Title Page, Copyright Page

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Contents

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pp. vii-viii

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Acknowledgments

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pp. ix-xii

Jack Cameron helped me begin to phrase my questions about dreaming and has inspired me with his example. Paul Fry’s insights into this project renewed my interest in it and have sustained my work on it. Carol Jacobs’ reading of my work has made it more real to me, and her support has allowed me to rethink and revise. Claudine Kahan, Giuseppe Mazzotta...

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Introduction: The Other Night

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pp. 1-22

Every night is two nights, according to Maurice Blanchot. The night the body spends in sleep is not the same as the night the dreamer spends in dreams. The sleeping body may lie under the stars, and the dreamer may dream of the stars—even of a journey to the stars—but the night of the dream is a night without stars. The dreamer may dream that it’s day, but...

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One: The Dream as Writing: Freud’s Theory

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pp. 23-47

Some dreams, like the dreams of prophets, may be dreamt to be told to others, but only the dreamer can perceive his or her dream. This defining characteristic of the experience of a dream has been cited both to dismiss dreams as meaningless and to grant them special authority. Freud’s first thesis in the Interpretation of Dreams is that dreams are meaningful and...

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Two: Dream and Writing in Blanchot

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pp. 48-68

In his critical works, Blanchot often speaks of an ‘‘experience’’: The Experience of Mallarmé or The Experience of Igitur, The Experience of Proust and The Experience of Lautréamont.1 This ‘‘experience’’ is neither the extra-textual experience of a subject placed at the origin of writing nor the experience of a written object conceived as the product of the work of such a subject...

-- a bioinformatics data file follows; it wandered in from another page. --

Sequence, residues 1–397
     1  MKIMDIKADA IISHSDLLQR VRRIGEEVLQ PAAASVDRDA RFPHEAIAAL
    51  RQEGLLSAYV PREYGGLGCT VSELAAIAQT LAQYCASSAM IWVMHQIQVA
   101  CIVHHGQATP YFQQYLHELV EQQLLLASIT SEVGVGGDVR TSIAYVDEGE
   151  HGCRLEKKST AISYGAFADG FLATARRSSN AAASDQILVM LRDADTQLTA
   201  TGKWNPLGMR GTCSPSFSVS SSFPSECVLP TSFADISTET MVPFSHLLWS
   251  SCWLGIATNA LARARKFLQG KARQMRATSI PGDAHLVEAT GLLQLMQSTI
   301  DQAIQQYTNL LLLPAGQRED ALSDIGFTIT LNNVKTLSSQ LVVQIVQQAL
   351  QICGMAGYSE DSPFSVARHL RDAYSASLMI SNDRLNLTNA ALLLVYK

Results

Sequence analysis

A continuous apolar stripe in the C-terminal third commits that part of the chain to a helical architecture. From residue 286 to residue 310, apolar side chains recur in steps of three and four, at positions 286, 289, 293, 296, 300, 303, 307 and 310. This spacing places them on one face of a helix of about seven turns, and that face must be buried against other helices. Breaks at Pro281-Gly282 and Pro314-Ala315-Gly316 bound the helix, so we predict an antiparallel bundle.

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Three: Beckett’s Restlessness

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pp. 69-88

Writing is the center of the action in Beckett’s trilogy (Molloy; Malone Dies; and The Unnamable). The comic energy of Molloy’s account of his journey to see his mother is derived not from the slow unfolding and ultimate dissipation of the action of that journey in space but from the fits and starts of the unfolding of his writing in a strange present in which the...

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Four: Finnegans Wake

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pp. 89-108

The ‘‘quaqua on all sides’’ that Beckett’s speakers distantly hear in the mud and whisper back to the mud in which they hear it echoes a call that Finnegans Wake makes to its readers (and to the birds): ‘‘Quoiquoiquoiquoiquoiquoiquoiq!’’ 1
Joyce’s ‘‘Quoiquoiquoiq . . .’’ is the answer of Shem, Sham, Shames (James),2 a Stephen Dedalus–like figure for the writer in Finnegans Wake...

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Afterword: The Dream and Writing of Socrates

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pp. 109-118

Since the day of Socrates’ death, philosophy has been defined as a particular way of approaching death. Being philosophical has meant being philosophical about death. Waiting for sunset—the appointed hour of his death—Socrates discusses calmly what awaits him. No true philosopher, he says, should fear death, because philosophy pursues the separation of...

Notes

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pp. 119-138

Selected Bibliography

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pp. 139-148

Index

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pp. 149-152